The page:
Kenya, Tanzania end bilateral stalemate - CNBC Africa

Kenya, Tanzania end bilateral stalemate

East Africa

by Elayne Wangalwa 0

Kenya and Tanzania have agreed to settle a stalemate that was threatening to hinder their diplomatic ties. PHOTO: Getty Images

Kenya and Tanzania have agreed to end a stalemate that was affecting their long-standing bilateral relationship.

Following talks between President Uhuru Kenyatta and his Tanzanian counterpart Jakaya Kikwete, Kenya Airways flight frequency to Tanzania will resume to 42 up from 14 times a week and tour vans from Tanzania will be able to pick up passengers from Kenyan airports.

“This means that with immediate effect Tanzania registered vehicles will access the Jomo Kenyatta Internal Airport (JKIA) as before and Kenya airways will continue with its normal operations,” Foreign Affairs Cabinet Secretary Ambassador, Amina Mohammed said during a press briefing.

Last week the Tanzanian Civil Aviation Authority (TCAA) ordered Kenya Airways to reduce its weekly flights. The carrier began flying only twice daily as a result of the decision.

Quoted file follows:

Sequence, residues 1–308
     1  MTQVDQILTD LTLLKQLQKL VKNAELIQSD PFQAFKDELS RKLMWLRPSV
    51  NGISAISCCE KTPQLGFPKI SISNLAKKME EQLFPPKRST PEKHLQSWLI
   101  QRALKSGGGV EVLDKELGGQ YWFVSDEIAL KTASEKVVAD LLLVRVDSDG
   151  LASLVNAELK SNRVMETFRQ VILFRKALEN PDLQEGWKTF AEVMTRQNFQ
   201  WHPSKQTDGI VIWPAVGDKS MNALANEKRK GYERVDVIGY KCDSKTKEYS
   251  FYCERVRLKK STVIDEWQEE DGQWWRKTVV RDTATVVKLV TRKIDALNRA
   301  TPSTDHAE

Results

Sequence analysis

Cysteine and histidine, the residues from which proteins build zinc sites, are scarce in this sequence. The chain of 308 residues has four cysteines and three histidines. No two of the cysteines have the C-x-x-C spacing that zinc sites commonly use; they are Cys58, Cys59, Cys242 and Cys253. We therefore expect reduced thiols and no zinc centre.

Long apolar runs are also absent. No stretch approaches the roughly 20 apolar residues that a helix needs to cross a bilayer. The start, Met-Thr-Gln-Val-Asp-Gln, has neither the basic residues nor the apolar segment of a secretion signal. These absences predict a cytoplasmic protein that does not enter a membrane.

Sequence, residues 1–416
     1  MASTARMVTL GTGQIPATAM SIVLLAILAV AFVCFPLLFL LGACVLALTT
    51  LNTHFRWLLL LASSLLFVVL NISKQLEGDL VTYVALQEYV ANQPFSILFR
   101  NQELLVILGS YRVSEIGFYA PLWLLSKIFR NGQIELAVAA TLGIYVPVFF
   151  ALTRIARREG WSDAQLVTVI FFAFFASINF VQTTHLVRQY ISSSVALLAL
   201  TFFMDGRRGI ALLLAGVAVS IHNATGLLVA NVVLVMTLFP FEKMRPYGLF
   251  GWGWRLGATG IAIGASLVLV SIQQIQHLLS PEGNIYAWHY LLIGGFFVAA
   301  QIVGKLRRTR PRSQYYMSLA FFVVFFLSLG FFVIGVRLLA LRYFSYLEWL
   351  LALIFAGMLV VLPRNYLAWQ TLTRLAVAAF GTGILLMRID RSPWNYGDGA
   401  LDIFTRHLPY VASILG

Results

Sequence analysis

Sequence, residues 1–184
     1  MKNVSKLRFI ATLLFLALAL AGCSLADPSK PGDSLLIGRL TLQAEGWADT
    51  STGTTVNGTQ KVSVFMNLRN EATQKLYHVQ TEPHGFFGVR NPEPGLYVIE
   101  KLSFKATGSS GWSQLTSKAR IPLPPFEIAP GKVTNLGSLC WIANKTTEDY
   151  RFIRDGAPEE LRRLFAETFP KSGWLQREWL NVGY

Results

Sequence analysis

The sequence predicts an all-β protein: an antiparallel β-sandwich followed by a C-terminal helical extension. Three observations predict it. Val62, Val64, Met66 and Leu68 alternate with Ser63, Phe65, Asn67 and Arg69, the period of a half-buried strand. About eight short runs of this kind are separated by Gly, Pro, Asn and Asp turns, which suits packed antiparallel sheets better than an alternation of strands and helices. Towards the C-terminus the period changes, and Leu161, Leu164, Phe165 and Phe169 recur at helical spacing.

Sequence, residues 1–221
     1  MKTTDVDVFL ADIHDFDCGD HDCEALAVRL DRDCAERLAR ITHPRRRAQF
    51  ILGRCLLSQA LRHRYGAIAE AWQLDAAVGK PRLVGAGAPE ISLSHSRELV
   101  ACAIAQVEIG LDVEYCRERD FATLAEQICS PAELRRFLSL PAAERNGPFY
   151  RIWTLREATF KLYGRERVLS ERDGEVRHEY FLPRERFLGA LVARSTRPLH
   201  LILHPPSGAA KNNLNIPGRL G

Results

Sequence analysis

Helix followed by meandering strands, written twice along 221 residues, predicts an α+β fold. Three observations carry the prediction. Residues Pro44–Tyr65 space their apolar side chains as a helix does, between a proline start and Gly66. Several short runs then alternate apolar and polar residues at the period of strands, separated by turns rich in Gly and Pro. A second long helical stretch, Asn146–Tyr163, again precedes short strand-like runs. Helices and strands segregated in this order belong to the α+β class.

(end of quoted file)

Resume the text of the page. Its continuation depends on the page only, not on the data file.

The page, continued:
Earlier in the year, Kenya resorted to banning Tanzania tour vans form accessing its airports and tourist sites in line with the 1985 bilateral tourism agreement.

(READ MORE: Kenya & Tanzania's tourism tiff)

Cabinet Secretary for East African Affairs, Commerce and Tourism Phyllis Kandie said that this will guarantee a level playing field, “Since Kenya has kept her part of the deal, but has been denied the same opportunity to operate in Tanzania”.

Meanwhile, Kenya’s national carrier welcomed the move stating that it is a step forward on finding resolutions on the issues affecting the Bilateral Air Services Agreements

“Kenya Airways would like to express gratitude to the Governments of Kenya and Tanzania for resolving the Bilateral Air Services Agreements (BASA) in a timely manner. The developments will see the airline resume full operations to Dar-es-Salaam following the announcement by the Ministry of Foreign Affairs,” the airline said in a press release.

Following the talks between the two heads of state, in the coming weeks the ministers of foreign affairs of both countries are expected to convene to discuss the pending issues pertaining to the 1985 bilateral agreement.

The stalemate between the two neighbours was argued to be against the spirit of the East African Community (EAC). EAC has been working on fast tracking the harmonisation process of the EAC tourism laws and review the bilateral agreement.

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